iPhone News Desk
It’s Apple’s Own Chip in the iPhone 5
If the dingus has 2x the performance of the A5 like Apple says it’s probably got two custom CPU cores
By: Maureen O'Gara
Sep. 20, 2012 09:15 AM
According to the smart money at the Linley Group and AnandTech Apple developed the A6 ARM chip it's using in the iPhone 5 - something it's not talking about -and it's probably having the widget made by Samsung on its 32nm process, which may account for why it's 22% smaller and doubtlessly cheaper than the A5.
If the dingus has 2x the performance of the A5 like Apple says it's probably got two custom CPU cores (unless it's three) clocking roughly 1.2GHz, less than it might to save power.
Linley says a month after Apple bought low-power processor start-up PA Semi for $278 million in April of 2008 it cut a secret deal with ARM for a rare instruction set architecture license so it could develop its own ARM-compatible CPUs.
The PA crew was then divided into two groups: one to work on the Apple A4 processor using an ARM CPU core and the other to define the microarchitecture for the new CPU. It took an awfully long time to get through the initial definition and design phase.
Apple hired more people including ARM Fellow Gerard Williams, who was technical lead for the ARM Cortex-A8 and Cortex-A15 CPUs; he became Apple's chief CPU architect.
Then Apple bought Intrinsity for $120 million for its high-speed physical-design capabilities.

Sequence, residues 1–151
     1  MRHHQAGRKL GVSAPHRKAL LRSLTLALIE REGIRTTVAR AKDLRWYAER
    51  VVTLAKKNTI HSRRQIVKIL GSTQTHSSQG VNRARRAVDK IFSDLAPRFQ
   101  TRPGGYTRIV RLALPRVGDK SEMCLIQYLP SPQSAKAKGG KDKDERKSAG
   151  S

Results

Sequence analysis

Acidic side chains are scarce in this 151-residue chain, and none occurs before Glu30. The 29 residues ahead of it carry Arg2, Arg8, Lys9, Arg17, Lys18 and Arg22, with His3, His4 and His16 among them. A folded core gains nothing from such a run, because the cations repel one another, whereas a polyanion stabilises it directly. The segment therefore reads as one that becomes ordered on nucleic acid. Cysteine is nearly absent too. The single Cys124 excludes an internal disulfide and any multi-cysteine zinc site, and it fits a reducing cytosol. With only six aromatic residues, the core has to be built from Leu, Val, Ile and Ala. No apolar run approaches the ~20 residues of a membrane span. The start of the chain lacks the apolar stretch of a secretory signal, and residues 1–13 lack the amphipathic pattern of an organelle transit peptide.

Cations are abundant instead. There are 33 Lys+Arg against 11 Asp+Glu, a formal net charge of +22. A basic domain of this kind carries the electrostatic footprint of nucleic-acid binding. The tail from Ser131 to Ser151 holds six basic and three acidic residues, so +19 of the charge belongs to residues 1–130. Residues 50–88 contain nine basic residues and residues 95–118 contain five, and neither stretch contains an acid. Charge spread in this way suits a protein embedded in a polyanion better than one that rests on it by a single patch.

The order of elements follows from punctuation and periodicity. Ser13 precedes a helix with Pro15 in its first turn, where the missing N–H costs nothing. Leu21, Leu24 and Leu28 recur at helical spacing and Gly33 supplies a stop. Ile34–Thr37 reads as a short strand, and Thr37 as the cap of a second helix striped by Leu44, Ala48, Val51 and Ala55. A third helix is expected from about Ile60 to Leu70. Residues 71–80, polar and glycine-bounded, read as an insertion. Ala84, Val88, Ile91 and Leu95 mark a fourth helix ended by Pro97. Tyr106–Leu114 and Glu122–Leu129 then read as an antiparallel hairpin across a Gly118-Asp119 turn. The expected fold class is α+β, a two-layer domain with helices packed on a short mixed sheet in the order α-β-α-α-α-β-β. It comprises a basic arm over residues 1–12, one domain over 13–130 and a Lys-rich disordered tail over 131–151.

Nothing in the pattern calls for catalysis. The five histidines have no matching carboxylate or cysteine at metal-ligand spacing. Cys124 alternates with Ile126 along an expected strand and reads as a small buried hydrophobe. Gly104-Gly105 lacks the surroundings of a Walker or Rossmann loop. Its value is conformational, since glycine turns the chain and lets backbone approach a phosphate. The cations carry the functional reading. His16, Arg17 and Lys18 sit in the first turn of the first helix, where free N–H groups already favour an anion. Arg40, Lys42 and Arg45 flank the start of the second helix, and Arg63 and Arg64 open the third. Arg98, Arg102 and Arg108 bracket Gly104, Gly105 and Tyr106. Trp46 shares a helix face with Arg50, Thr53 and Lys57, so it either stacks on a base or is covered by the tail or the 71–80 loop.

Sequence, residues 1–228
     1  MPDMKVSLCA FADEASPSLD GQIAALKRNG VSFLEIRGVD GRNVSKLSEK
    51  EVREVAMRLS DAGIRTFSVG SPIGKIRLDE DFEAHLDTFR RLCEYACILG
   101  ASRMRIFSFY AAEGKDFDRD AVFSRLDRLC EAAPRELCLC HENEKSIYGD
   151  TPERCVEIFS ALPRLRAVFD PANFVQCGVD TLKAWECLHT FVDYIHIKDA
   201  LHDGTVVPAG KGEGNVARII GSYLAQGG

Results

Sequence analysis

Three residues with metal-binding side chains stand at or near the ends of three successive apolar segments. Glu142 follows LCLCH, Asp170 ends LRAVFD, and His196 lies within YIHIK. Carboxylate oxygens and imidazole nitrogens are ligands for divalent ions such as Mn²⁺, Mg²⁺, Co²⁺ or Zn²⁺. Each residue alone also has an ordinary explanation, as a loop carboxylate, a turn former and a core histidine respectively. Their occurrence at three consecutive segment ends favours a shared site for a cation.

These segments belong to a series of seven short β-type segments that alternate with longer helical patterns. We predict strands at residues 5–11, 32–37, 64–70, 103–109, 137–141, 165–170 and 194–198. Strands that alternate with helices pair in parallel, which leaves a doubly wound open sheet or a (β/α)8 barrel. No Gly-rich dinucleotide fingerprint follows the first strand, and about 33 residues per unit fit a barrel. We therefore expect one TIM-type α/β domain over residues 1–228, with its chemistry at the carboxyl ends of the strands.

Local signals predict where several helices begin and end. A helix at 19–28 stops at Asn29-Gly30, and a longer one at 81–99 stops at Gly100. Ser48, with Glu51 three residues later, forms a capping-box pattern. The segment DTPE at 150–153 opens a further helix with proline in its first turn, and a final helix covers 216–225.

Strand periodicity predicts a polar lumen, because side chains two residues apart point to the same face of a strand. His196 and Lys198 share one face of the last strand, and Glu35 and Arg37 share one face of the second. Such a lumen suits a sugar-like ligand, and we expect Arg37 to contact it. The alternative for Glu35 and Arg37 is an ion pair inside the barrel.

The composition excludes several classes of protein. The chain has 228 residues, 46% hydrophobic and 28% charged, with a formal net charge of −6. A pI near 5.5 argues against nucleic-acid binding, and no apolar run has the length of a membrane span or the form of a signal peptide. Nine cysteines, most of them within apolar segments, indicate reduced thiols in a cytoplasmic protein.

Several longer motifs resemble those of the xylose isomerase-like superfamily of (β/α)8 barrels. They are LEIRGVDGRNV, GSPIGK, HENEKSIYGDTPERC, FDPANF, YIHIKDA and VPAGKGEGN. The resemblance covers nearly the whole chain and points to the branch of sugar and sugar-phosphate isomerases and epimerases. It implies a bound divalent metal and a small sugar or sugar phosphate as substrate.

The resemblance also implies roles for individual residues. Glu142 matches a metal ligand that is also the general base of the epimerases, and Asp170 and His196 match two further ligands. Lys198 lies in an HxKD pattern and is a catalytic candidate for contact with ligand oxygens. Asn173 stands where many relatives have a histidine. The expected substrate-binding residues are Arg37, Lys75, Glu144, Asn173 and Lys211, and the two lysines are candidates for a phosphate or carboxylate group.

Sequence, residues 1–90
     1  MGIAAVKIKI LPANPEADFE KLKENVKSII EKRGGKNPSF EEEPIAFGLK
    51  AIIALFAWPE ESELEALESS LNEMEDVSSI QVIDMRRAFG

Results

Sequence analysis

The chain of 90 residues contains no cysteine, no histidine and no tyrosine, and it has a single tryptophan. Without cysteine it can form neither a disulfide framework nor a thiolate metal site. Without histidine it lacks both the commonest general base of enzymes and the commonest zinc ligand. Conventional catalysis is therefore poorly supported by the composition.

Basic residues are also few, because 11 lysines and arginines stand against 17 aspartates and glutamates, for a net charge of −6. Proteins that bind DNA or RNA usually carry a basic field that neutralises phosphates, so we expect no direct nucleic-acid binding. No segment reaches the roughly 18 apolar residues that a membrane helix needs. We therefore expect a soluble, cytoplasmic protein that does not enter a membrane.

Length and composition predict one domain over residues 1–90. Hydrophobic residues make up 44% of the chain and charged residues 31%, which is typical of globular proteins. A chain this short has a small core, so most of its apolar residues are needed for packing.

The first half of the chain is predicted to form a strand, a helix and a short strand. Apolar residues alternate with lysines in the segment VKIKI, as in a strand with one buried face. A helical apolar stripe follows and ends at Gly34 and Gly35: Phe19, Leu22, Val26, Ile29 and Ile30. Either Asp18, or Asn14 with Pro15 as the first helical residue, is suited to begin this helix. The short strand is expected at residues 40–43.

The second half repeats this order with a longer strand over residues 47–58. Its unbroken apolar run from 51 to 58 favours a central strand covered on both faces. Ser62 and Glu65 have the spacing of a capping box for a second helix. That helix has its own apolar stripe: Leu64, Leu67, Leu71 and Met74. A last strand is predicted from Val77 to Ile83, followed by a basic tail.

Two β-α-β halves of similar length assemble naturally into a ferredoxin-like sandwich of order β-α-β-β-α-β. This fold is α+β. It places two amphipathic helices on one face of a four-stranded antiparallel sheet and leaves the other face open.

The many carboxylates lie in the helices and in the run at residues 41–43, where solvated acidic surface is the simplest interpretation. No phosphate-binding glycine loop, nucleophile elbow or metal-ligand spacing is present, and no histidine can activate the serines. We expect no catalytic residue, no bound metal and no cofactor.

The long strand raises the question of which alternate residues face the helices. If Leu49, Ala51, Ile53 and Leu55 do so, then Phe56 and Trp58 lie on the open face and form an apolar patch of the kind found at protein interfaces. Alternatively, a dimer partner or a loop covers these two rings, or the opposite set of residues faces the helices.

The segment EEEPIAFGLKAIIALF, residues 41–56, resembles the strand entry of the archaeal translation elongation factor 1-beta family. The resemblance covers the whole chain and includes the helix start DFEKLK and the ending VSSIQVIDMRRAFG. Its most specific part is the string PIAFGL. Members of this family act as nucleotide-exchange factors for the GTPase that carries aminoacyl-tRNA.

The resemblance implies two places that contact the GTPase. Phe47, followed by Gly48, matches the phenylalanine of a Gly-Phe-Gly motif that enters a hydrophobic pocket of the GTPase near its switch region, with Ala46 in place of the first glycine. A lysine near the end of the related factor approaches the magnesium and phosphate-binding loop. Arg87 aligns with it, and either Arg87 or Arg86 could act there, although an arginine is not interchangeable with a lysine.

Linley says, "Now that it has completed its first CPU design, Apple is not likely to stop there. To keep pace with competitors using ARM's own cores, the company will have to crank out a new CPU design every couple of years. We believe Apple is already working on a next-generation CPU, which will likely implement the 64-bit ARMv8 instruction set. This new CPU probably won't debut until 2014, so for its 2013 products, Apple will have to rely on the same CPU design, perhaps in a quad-core configuration and with a higher-performance GPU."
It thinks Apple spent maybe $500 million to get this far and reckons Apple is shipping a Cortex-A15-class CPU about three months sooner than its arch-enemy Samsung and that just happens to be the three months before this Christmas when Apple could generate $25 billion.
It could be a problem for Intel if Apple decides to use the widgetry in its laptops. It's also increasingly unlikely that Intel could ever make it into an iWidget, which will simply break Intel's heart.
Reader Feedback: Page 1 of 1
Latest AJAXWorld RIA Stories
Subscribe to the World's Most Powerful Newsletters
Subscribe to Our Rss Feeds & Get Your SYS-CON News Live!
SYS-CON Featured Whitepapers
Most Read This Week